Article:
Thursday, 8 June 2017

A church with a discreet entrance
and interesting roots and history

Behind the discreet sign and canopy, Christ Church is a church with an interesting history (Photograph: Patrick Comerford, 2017)

Patrick Comerford

Christ Church on O’Connell Street looks like an ordinary office block in the heart of commercial block. But behind the 1950s façade is a church used by the united Presbyterian and Methodist congregation, bringing together two separate congregations since the early 1970s.

All that indicates that there is more inside is the name above the door. But until the 1950s there was a garden in front of what was a fine Gothic revival Methodist church.

The Methodist story goes back to 1739 and John Wesley’s preaching. Methodism was introduced to Limerick City by Robert Swindells, who preached his first sermon in the Parade in 1748 or 1749. The first conference of the Irish Methodists was held in Limerick in 1752, and it was chaired by John Wesley.

Wesley could be critical of Limerick’s Methodist during his visits, but in 1771, in the week immediately after Pentecost, he recorded in his Journal: ‘I spoke severally to the members of the society in Limerick. I have found no society in Ireland, number for number, so rooted and grounded in love.’

The Methodists in Limerick first rented the old church of Saint Francis’s Abbey near the Sandmall. They then built a new chapel ‘a handsome edifice near the city courthouse’ on Quay Lane (now Bridge Street). This was sold when Christ Church on George’s Street (now O’Connell Street) was built in 1812-1813.

The Communion Table in Christ Church, Limerick (Photograph: Patrick Comerford, 2017)

However, a schism divided Methodism with a rising demand for sacramental life in Methodist chapels. A vocal minority protested that such a move would separate the Methodist societies from the Church of Ireland. In 1816, the Methodist Conference approved the consolidation of the Methodists into a more formal Church and the decision caused division, with one-third seceding and forming the Primitive Wesleyan Methodist Society to preserve their links with the Anglicans.

The newly built-chapel on George’s Street was retained by the majority group, who were known as the Wesleyan Methodists. It was remodelled by Robert Fogerty in 1879 and reopened on 7 September 1879.

Meanwhile, the smaller minority Primitive Methodists built their own chapel, first known as the Independent Chapel and later as Central Hall, in Bedford Row in 1821. The new church was built of cut stone, in the Gothic style, with an iron balustrade and handsome entrance. David Lee and Debbie Jacobs, in James Pain, architect (2005) suggest that the church was designed by the Limerick-based architect brothers James and George Richard Pain, although there is no compelling stylistic evidence to support this. Beside it was the Independent Chapel on Bedford Row which later later moved to Hartstonge Street, where Ove Arup now has its offices.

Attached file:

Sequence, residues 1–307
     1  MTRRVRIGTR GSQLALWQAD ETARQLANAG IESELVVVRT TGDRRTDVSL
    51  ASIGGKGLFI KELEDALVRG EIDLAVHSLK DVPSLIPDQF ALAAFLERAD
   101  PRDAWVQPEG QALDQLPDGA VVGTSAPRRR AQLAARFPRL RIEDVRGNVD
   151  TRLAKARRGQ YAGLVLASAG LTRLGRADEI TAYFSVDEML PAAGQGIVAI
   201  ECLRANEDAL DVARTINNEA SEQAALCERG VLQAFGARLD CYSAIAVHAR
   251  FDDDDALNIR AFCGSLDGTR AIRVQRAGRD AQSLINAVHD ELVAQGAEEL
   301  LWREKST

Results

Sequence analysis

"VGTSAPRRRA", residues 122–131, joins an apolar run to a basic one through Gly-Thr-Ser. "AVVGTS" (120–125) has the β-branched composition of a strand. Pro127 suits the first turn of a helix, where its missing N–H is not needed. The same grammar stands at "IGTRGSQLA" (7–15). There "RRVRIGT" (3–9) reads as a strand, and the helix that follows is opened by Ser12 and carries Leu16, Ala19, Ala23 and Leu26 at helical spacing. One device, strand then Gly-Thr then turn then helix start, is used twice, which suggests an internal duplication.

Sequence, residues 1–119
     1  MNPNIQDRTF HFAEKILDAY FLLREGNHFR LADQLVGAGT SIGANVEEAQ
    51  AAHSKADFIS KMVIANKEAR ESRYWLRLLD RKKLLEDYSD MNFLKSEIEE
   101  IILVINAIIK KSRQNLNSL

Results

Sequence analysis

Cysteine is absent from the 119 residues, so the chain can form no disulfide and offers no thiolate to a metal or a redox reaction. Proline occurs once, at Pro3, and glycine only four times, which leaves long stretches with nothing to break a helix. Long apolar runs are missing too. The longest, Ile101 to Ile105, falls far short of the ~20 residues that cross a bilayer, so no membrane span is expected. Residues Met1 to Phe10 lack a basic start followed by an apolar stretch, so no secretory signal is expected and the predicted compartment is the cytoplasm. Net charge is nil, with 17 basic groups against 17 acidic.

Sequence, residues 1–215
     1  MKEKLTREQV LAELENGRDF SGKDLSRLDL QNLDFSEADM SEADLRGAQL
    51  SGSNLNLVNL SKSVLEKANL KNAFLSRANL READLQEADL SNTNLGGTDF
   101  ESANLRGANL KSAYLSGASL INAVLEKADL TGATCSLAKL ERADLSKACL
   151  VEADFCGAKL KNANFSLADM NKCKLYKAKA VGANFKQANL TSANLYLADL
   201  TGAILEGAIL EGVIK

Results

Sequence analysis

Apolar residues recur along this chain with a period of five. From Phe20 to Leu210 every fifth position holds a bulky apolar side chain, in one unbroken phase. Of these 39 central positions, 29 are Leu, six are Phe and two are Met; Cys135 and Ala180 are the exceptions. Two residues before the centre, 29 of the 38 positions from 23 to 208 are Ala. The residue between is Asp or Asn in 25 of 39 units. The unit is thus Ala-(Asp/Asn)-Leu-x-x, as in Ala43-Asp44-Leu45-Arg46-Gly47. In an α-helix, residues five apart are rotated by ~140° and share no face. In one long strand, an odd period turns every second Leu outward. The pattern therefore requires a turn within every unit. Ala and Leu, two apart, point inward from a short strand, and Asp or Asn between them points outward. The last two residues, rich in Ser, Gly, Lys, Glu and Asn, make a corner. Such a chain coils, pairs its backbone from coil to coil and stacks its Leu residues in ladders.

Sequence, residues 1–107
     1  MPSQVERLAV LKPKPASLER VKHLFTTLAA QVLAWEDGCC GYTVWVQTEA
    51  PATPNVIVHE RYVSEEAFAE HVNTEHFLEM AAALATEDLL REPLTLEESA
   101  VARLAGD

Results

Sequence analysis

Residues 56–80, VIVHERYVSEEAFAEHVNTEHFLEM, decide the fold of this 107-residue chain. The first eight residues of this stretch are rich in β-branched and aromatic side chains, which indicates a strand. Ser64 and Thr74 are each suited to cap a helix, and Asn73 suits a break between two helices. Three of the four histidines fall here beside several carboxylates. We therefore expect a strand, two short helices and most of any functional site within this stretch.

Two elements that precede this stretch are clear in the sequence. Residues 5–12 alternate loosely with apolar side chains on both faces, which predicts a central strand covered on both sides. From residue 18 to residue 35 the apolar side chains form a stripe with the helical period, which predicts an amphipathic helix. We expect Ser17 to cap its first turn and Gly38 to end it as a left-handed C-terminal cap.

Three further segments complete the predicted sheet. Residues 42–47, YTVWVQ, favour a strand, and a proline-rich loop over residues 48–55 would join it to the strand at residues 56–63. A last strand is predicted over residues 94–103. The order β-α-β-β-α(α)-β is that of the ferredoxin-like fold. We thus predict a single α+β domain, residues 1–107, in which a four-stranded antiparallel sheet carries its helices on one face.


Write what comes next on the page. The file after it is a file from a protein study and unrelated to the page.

Limerick had two Methodist churches until the Central Hall in Bedford Row closed in 1920 and the Methodist community there united with the church in O’Connell Street. The former chapel was re-opened by Paul Barnard as the Grand Central Cinema in November 1922 and was later known as Savoy 2. A three-bay three-storey cinema, façade was built in the Art Deco style in early 1930s to the front the former Methodist chapel.

A shop front was inserted on the ground floor in 1973, and access to the cinema was from one side of the building and up two flights of stairs. Savoy 2 closed in 2004 and the old Art Deco façade was demolished in 2007. I understand part of the original church frontage is encased in a new modern shop on Bedford Row.

Meanwhile, the Methodist Church on O’Connell Street was substantially rebuilt in 1938. The congregation had dwindled in numbers, and an office block was built in the garden in front of the church to create a rental space and to maximise the commercial use of the street frontage.

The building erected in 1938 is a terraced, six-bay three-storey rendered building in the Art Deco style, distinguished by two shopfronts at ground floor level, flanking a centrally-placed door opening, with vertically emphasised window bays to first and second floor and narrow window piers giving a staccato rhythm to the façade. This is a fine, yet restrained example of Art Deco architecture that is relatively rare in Limerick.

Inside Christ Church, Limerick (Photograph: Patrick Comerford, 2017)

A door opening to the side with a canopy gives access to Christ Church. This door opening has splayed bronze handrails and terrazzo steps, and the name above the door is all that identified this as a church for the passesr-by on O’Connell Street. The church is reached through a long corridor lined with memorials brought here from the former Presbyterian Church on Henry Street when the two congregations united in 1978.

As part of the 200th anniversary celebrations at Christ Church, a genealogy and family History day took place in the church in 2013. Limerick Methodist registers date from 1842, and the Presbyterian registers date from 1829. They include the records of the Methodist mission in Kilrush, Co Clare (1847-1901), and the Presbyterian congregation in Killarney, Co Kerry (1879-1907). The Methodist churches in Kilkee and Kilrush, Co Clare, and in Tarbert, Co Kerry, once formed the West Clare Mission.

Two years ago, Christ Church received a facelift with funding from Limerick City of Culture 2014. But it is still possible to walk by this building without noticing that behind the discreet façade there is a church with such an interesting story.

Corrected 8 June 2017, with acknowledgments to Liam Irwin.

No comments: